Because the narrative voice doesn’t change when the narrative point of view does, the reader has the sense that the same first person narrator is relating the story from two angles. In one section the narrator describes her shoes: “These high heels are the first in my life, they’re beautiful, they’ve eclipsed all the shoes that went before.” This is followed by a section break and then the very next sentence is: “It’s not the shoes, though, that make the girl look so strangely, so weirdly dressed.” Three sentences later in the same section the narrator is back to first person in describing the provenance of the hat she was wearing: “How I came by it I’ve forgotten.” In each of these sections, the narrator is talking about the same girl and her possessions but the reader is encountering her as both separate and part of the narrator.
Switching back and forth between narrative points of view could be maddening for a reader, but the switch is seamless and gives the reader a much fuller picture of the narrator’s recollections than one viewpoint or the other could have done. The ease of transition is accomplished by zooming in to look at one object (here the shoes and the hat) and then zooming back out to show the same object from a different vantage point.
The key to the reasons behind the shift in perspective is in the following passage: “He answers my mother, tells her she’s right to beat the girl…The mother hits her as hard as she can.” I was struck by the poignant disassociation in the shift here as the narrator transitions from “my mother” to “the girl.” Moments before, the narrator used the first person to describe the beginning of the incident: “My mother has attacks during which she falls on me…punches me.” “Has attacks” is habitual, not of the moment, and not in scene. But as the description progresses, the specificity of the action as the other brother flees and the mother calms down and the girl lies about her relationship with the Chinese man, makes the description seem like one particular instance. The narrator is separating herself from the girl who is the center of this action. She sets herself apart from the chaos and pain of these relationships as though it happened to someone else. This disembodiment is characteristic of someone who has undergone trauma and is particularly poignant because the character is at an age where one internalizes this type of experience and blames oneself for it.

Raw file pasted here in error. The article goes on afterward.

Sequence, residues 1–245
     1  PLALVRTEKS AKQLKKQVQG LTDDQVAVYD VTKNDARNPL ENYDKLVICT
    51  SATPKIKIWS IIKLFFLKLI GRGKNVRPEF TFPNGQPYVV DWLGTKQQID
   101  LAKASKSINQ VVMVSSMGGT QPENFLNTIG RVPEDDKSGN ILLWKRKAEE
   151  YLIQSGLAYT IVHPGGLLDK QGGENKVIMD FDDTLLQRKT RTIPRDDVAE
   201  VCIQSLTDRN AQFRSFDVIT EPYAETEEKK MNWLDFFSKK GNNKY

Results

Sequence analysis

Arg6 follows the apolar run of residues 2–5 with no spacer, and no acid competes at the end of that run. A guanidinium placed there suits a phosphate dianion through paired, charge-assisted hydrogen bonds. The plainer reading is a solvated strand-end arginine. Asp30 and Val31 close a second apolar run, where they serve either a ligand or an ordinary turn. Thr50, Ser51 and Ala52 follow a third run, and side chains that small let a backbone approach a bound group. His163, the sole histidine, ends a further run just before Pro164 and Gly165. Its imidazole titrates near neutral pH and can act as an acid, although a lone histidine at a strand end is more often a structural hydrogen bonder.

Shifting back and forth between these narrative points of view is tricky, but Duras managed it well. As a reader, I was able to engage with the character on a deeper level and could feel the shift into third person almost as the narrator’s wince. I don’t think this could be prudently imitated except in the rarest of circumstances because it creates a very specific effect. However, it is important to keep in mind that our characters, being the astute little observers that they tend to be, are likely aware of how they are perceived. There are other ways to view even a first person narrator from the outside, e.g. conveying anxiety at how they are being perceived. In my novel, Polska, 1994, being seen and the perceptions of others is an important part of Magda’s world and I work to show this through how she thinks others are seeing her. Duras reminded me that it is important to consider how my character views herself.
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